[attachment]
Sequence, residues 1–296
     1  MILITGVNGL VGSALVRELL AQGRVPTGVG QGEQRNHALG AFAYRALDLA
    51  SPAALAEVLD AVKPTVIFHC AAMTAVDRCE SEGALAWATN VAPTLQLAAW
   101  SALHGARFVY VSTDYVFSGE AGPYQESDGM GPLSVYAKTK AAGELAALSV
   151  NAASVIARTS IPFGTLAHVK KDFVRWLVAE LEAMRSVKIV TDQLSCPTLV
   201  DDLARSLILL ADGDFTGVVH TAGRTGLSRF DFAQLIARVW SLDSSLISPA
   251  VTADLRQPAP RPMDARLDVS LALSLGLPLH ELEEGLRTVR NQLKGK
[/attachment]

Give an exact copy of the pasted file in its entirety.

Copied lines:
Sequence, residues 1–296
     1  MILITGVNGL VGSALVRELL AQGRVPTGVG QGEQRNHALG AFAYRALDLA
    51  SPAALAEVLD AVKPTVIFHC AAMTAVDRCE SEGALAWATN VAPTLQLAAW
   101  SALHGARFVY VSTDYVFSGE AGPYQESDGM GPLSVYAKTK AAGELAALSV
   151  NAASVIARTS IPFGTLAHVK KDFVRWLVAE LEAMRSVKIV TDQLSCPTLV
   201  DDLARSLILL ADGDFTGVVH TAGRTGLSRF DFAQLIARVW SLDSSLISPA
   251  VTADLRQPAP RPMDARLDVS LALSLGLPLH ELEEGLRTVR NQLKGK